Don't forget: you can click on an image to enlarge it!

Tuesday 29 September 2020

Great time to find your way around the Moon

When the Moon is a day or two away from full (as it was last night) even with a small telescope it's easy to pick out the so-called 'seas' and larger craters: the maria are, of course, huge impact craters that filled from beneath with lava / basalt.

These features were traditionally given Latin names (as is generally the case in Science) but the English translations are used with increasing frequency. (Personally, I'm a traditionalist!) I think Mare Crisium has more of a ring than 'The Sea of Crises')

Here's a photo of last night's waxing gibbous Moon and another naming the maria and a few craters:

Monday 28 September 2020

Little Gulls, Little Stints and a Grey Phalarope: an early North Coast dash!

The weather forecast was slightly more promising than usual, so I left home at 5.30 and an hour later was the first car in the  East Bank car park at Cley. The walk to the sea produced just a few Blackwits and Redshanks, while the seawatch was even worse. I scanned the Serpentine (adding Grey Plover to the day list) but there was no obvious sign of yesterday's Phalarope, so I decided to move eastwards to Kelling.

As I walked down towards the Quags I rounded a bend to see a Flycatcher sp. on the edge of a Sycamore: as it flew off (never to reappear) I couldn't fail to notice a brilliant flash of white from its rear end: another one that got away.

I cautiously carried on to the pool (picking out half a dozen distant Little Gulls roosting in a ploughed field) Apart from a few large gulls and four Swans, there was no sign of any of yesterday's interesting birds, so I continued on to the beach: almost the first birds I saw were three Grey Phalaropes bobbing up and down near the pill-box. As I raised my camera, they flew off west. Back to the pool (adding Stonechat) Still nothing unusual: I was about to return to Cley when I noticed one, then two, then four juvenile Little Gulls  swooping across the pool. After a thoroughly enjoyable half hour's solitary gull-watching, I decided on a last look at Cley. This time I parked at Walsey Hills and was soon watching a somewhat distant Grey Phalarope at the back of the Serpentine. On one occasion it flew a little closer until it was driven off by Dunlins. Other good birds included two Peregrines, two Little Stints and two Grey Plovers.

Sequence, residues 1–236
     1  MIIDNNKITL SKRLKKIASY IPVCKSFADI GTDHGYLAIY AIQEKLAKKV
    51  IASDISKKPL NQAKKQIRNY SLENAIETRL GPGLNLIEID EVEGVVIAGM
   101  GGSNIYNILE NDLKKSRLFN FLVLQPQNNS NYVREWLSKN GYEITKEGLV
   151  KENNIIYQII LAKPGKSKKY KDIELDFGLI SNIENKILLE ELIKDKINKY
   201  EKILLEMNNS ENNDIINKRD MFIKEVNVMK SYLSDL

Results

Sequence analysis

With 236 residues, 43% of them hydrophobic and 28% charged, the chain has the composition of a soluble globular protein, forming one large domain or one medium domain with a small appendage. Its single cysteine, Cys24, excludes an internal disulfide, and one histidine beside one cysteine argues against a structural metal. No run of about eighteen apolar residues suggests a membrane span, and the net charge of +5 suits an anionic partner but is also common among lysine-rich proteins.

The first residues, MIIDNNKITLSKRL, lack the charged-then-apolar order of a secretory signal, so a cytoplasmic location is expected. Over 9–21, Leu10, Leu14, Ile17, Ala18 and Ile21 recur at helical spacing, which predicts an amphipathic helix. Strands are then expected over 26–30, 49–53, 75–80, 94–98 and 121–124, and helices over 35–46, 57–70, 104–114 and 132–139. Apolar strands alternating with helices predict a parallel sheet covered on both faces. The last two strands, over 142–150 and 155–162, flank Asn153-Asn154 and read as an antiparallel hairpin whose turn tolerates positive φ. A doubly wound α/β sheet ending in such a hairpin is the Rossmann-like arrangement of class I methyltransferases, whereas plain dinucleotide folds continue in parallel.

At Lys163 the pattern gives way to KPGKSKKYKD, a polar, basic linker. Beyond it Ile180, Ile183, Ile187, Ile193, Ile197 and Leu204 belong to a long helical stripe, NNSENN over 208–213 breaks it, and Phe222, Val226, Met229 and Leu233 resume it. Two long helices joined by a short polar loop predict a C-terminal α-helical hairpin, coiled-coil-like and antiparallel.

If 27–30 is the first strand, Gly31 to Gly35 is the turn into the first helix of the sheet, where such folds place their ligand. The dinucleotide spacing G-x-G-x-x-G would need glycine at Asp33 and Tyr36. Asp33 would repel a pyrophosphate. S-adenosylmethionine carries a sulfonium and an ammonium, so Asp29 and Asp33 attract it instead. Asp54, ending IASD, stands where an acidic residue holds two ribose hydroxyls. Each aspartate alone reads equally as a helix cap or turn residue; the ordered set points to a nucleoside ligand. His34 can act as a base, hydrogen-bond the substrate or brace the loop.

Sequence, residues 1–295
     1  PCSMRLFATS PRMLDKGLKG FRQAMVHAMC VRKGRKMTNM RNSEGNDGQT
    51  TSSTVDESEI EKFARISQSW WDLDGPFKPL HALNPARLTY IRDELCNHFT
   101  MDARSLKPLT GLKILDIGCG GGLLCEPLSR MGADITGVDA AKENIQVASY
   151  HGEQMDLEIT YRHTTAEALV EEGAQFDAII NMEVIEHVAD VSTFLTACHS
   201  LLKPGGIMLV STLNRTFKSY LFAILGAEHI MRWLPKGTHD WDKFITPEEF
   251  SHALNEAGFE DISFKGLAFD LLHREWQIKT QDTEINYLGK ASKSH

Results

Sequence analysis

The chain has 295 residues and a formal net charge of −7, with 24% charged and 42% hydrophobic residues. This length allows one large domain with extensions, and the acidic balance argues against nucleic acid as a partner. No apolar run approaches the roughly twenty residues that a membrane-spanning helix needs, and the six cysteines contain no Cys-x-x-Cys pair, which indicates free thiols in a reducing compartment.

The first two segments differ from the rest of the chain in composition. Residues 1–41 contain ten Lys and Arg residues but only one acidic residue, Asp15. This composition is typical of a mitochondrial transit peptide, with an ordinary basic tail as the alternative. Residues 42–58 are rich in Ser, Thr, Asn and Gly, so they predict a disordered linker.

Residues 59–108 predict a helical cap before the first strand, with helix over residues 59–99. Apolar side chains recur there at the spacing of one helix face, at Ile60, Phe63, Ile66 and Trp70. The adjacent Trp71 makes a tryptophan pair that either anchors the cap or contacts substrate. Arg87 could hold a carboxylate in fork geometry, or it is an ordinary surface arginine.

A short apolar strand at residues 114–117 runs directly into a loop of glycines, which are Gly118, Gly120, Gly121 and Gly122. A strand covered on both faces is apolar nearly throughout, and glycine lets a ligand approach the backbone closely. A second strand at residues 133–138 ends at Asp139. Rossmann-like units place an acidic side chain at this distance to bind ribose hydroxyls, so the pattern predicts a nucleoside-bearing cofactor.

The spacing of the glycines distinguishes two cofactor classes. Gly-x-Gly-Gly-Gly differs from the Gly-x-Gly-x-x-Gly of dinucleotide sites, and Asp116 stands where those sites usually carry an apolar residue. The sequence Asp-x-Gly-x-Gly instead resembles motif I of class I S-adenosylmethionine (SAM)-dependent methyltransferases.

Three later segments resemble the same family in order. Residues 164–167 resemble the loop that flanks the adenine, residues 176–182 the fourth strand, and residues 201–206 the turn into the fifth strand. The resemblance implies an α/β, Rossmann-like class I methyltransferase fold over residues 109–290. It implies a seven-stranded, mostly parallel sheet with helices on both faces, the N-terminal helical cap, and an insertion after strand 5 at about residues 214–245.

Sunday 27 September 2020

How about this for a chunk of the Moon?

Not everything gets more expensive! Twenty years ago when I first gave up teaching to focus on selling meteorites, there were only a couple of dozen known to Science. If you could find someone with a piece they were willing to cut up, you'd pay around £1000 /g. Now, over 300 lunar meteorites have been found. Some, of course, are in museums or private collections: others, originating in Antarctica, are off limits. Even so, the price of a decent specimen puts them within any collector's budget.

The sample I'm holding here has a mass of over 4g, yet - coming as it does from a large strewn field - I've just been able to sell it for the price of a decent meal out for two (with Champagne!)

Saturday 26 September 2020